Posted by Roger White on
The site is great with lots of history... it's been a while since I emigrated to Australia but remember this church well from my childhood. It's great to know it's being looked after, keep up the great work.
Posted by Dave Boothoryd on
I saw the display in Stoke museum, and my immediate thought was that the people involved in the restoration should make a trip to Worcester in the near future.
Bethesda is a near replica of Huntingdon Hall in Worcester, and a visit to that very successful venue, and a chat with Chris Jaeger, head of Huntingdon Arts would be a tremendous source of inspiration and ideas.
Huntingdon Hall is a tremendous asset to the City of Worcester, and is a prized acoustic music venue, greatly loved by top level performers in a wide range of musical genres, from classical to rock.
A similar venue in Hanley would give a further validity to the denotation of a Cultural Quarter.
Dave Boothroyd
Posted by Stephen Pattison on
Hi Iam researching my wife's family tree on her fathers side the Waterfalls. According to census records they have lived round and about the Shelton and Hanley area from mid 1700s to the late 1800s. To see a chapel they could have gone to is amazing could you tell me if parish records are available and where it would be possible to view them please. Thank you Stephen
Posted by john robertson on
always checking for latest news..i was christened at BETHESDA..loving that we have still got a great building
Posted by Robert Little on
How sad that so many Nonconformist buildings have vanished (especially since the 1960's), but good that at least some of those remaining are being rescued from demolition and being restored. Whilst I have no connection with Bethesda, I was brought up in the Nonconformist tradition. We no longer build chapels, even smaller ones, in the style depicting a central pulpit which can be seen from every seat in the chapel. Historically this was something of theological and liturgical importance to Nonconformists, but has largely vanished. Whilst it is sad that Bethesda closed it is good to see the restoration ongoing with such enthusiasm, reminding future people of a tradition which has mattered to so many others.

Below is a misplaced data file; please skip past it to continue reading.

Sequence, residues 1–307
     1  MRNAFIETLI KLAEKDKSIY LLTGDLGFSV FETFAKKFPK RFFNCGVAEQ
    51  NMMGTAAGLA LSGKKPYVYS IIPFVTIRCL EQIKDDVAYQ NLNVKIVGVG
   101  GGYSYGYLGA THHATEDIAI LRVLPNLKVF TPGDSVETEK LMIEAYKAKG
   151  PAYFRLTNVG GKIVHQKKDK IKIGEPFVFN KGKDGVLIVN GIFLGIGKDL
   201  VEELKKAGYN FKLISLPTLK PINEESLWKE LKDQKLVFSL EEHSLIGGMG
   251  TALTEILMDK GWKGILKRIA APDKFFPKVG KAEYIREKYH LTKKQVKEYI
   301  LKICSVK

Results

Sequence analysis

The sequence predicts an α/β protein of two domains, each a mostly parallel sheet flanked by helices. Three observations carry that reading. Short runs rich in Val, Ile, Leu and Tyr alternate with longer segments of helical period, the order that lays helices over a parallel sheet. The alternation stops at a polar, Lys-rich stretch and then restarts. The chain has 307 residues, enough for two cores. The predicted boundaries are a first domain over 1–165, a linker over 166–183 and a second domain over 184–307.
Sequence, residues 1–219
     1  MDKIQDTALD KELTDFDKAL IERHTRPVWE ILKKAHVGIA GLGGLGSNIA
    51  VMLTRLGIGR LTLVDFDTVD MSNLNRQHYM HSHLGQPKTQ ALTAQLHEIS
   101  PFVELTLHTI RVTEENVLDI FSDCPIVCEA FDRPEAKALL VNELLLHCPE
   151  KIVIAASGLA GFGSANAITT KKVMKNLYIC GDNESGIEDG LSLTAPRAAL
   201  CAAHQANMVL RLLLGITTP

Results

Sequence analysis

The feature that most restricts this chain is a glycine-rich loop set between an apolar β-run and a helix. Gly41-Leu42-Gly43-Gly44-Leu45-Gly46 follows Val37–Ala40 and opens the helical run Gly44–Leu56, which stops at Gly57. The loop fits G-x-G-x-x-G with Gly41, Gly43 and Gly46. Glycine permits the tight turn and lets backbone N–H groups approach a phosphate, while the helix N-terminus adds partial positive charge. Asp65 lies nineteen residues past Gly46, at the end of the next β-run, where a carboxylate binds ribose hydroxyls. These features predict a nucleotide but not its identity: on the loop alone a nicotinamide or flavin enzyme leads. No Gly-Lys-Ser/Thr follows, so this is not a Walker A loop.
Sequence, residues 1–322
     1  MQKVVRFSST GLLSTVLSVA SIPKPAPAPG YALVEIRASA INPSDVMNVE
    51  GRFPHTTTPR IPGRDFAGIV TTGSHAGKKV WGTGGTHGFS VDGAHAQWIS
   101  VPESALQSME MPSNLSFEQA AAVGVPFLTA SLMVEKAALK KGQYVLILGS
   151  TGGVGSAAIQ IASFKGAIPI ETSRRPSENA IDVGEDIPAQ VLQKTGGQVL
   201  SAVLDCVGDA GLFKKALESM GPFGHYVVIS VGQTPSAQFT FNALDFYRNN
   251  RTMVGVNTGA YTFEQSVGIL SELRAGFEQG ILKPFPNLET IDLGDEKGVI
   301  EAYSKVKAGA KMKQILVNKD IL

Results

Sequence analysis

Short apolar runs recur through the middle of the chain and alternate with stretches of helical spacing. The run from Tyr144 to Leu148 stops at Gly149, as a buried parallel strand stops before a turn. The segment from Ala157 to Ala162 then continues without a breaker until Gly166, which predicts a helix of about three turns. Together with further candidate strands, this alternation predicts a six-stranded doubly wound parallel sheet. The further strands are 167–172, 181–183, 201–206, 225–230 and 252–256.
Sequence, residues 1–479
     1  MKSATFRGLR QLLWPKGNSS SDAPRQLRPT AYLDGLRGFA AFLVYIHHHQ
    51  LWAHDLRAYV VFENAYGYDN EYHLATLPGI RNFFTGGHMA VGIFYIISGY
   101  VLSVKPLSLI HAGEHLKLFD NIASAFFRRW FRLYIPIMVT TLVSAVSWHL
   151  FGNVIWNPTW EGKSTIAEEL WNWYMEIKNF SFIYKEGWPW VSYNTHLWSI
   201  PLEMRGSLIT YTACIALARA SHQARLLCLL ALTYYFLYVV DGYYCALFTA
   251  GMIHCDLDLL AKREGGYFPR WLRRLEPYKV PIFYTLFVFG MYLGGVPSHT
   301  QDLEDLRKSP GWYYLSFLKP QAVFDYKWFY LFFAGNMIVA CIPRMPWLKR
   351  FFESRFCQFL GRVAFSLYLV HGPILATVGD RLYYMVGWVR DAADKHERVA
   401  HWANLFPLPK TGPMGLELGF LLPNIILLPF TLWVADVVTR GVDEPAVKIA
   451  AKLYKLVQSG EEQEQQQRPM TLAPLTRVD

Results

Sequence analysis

Posted by admin on
In the 1960s I lived around the corner from the chapel (Harding Road) and used to pass every day on my way to school (Glass St, sadly a carpark now). I was never concious of being aware of the chapel but when I saw the TV progamme I recognised it immediately. I have followed your website and look forward to the day that I can make a pilgrimmage to Hanley (from my home in Cardiff) to see the finished product..
Posted by John Smith on
Just seen the pictures on The Potteries.org website and it looks beautiful. Can't wait to see it in a few weeks time when I come back for a visit from my present home in Hampshire.
Posted by malcolm Simmons on
My Mother's family all lived in Hanley and as a child I always enjoyed my visits to the town. The magnificent Bethesda Chapel has always fascinated me by its majestic architecture and sheer size. I am thrilled to see its restoration to former glory. Along with Shelton church these splendid structures root Hanley in its wonderful past heritage before much of the city has been devastated by roads and the loss of its fabric and industry.
Posted by yixia on
This is such a great resource that you are providing and you give it away for free. I enjoy seeing websites that understand the value of providing a prime resource for free. I truly loved reading your site. Thanks!
Posted by Jane Neal on
I remember going to Bethesda Chapel as a child and young teen. I enjoyed singing hymns and being part of a lively congregation. I took it for granted that it would always stay the same and did not pay that much attention to the beauty of the building. I do remember the pulpit being impressive. I felt saddened when it closed and seemed abandoned. it's great that new life will be breathed such a special place.

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